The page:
PORTLAND, Ore. The world''s lowest-power integrated circuit consumes 10 times less juice when active and better than 30,000 times less power in sleep mode, according to its developers at the University of Michigan. The so-called Phoenix processor was designed for medical implants but could also be used for ultralong-lived environmental monitors and military surveillance, the scientists said at the IEEE Symposium on VLSI Circuits in Honolulu.
"Our chip and battery together are about 1,000 times smaller than the technologies being used for implants today," said David Blaauw, an electrical-engineering professor at the University of Michigan. Blaauw performed the work with fellow EE professor Dennis Sylvester and doctoral candidates Scott Hanson and Mingoo Seok.
If the Phoenix were powered by an ordinary watch battery, it would last for 263 years while in sleep mode. The chip, however, was designed to meet the requirements of an implant to monitor the pressure inside an eyeball. That restricted its size to less than a cubic millimeter, including its thin-film battery.
Nevertheless, since the device consumes just 30 picowatts during sleep modeand because it needs to take a measurement only occasionallythe expected lifetime of the implanted chip and integrated battery is longer than three years.
"Our processor was designed from the ground up to be low power," said Sylvester. "We believe we are the first group to make low sleep-mode power our No. 1 concern."
Besides long-lived medical implants, the Michigan researchers envision the Phoenix's use in other settings. The military could sprinkle self-powered sensor chips onto the battlefield, environmental scientists could disperse them in the air or water to detect pollution, and construction crews could mix them into concrete for monitoring the structural integrity of buildings and bridges, the group suggested.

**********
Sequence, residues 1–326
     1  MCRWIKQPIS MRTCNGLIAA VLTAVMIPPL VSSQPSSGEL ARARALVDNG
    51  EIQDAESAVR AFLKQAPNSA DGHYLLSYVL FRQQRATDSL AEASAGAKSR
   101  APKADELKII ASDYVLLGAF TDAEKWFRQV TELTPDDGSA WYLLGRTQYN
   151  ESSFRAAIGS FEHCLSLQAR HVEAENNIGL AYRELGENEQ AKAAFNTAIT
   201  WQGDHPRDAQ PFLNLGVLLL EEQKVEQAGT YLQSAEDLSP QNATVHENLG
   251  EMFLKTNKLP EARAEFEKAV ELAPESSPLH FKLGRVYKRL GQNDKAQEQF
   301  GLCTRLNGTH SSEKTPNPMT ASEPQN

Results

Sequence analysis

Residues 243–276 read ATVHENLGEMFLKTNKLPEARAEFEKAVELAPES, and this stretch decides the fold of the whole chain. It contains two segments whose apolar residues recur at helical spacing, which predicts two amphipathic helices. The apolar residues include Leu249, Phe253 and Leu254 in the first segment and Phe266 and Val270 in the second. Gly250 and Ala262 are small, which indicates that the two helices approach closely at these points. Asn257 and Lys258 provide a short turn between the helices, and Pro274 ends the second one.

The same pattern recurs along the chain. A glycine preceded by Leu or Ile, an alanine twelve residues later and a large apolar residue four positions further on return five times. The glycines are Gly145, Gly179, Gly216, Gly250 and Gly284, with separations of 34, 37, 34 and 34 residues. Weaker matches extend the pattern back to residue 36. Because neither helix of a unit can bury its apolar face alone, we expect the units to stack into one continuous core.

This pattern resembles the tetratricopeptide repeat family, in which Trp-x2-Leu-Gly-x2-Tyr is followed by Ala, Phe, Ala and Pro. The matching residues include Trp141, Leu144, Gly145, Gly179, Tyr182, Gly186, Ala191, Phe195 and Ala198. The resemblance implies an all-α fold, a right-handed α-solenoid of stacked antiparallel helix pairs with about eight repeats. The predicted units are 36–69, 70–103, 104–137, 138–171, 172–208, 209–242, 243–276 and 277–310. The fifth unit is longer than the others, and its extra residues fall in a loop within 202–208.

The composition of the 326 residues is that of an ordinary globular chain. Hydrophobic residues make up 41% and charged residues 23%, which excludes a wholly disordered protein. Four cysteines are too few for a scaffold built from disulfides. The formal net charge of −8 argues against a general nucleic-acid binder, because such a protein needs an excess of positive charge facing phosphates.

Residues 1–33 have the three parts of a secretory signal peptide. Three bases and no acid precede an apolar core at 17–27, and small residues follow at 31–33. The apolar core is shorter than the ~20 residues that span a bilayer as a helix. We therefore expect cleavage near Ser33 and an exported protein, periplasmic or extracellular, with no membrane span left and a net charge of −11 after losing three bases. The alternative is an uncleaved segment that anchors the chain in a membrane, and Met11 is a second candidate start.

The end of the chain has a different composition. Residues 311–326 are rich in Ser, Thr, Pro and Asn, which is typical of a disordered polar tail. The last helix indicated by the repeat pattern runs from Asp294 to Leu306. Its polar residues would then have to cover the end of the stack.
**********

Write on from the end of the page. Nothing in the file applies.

Sleep mode dominates many sensing applications, since the chips need to awaken only occasionally to briefly make a measurement, wirelessly send off their results and then go back to sleep. In many such applications, the sensors will spend more than 99 percent of their time asleep.
Consequently, in the Phoenix design, sleep is the chip's "normal" mode. The device awakens every 10 minutes for a tenth of a second to measure and transmit. Then it goes back to sleep.
To reduce the overall consumption, the researchers used tried-and-true 180-nanometer design ruleswhich have less leakage overalland reduced the chip's power supply voltage to 0.5 V rather that the normal 1 to 1.2 V.
However, the biggest innovation responsible for the ultralow power consumption claimed by the researchers was the redesign of the Phoenix's power gates. "Power gates supply power from the battery when a chip is awake and block current from parts of a chip not essential for memory during sleep mode," said Blaauw.
The typical power gate uses a wide channel so that it can quickly power up a sleeping chip. But the Phoenix trades off speed for lower consumption by using a very narrow channel for its power gate transistors. By narrowing the channel, the team reduced leakage current to just 30 picoamps.
Next, the researchers plan to integrate a transmitter and antenna onto the chip, so that it can take measurements and wirelessly transmit its results.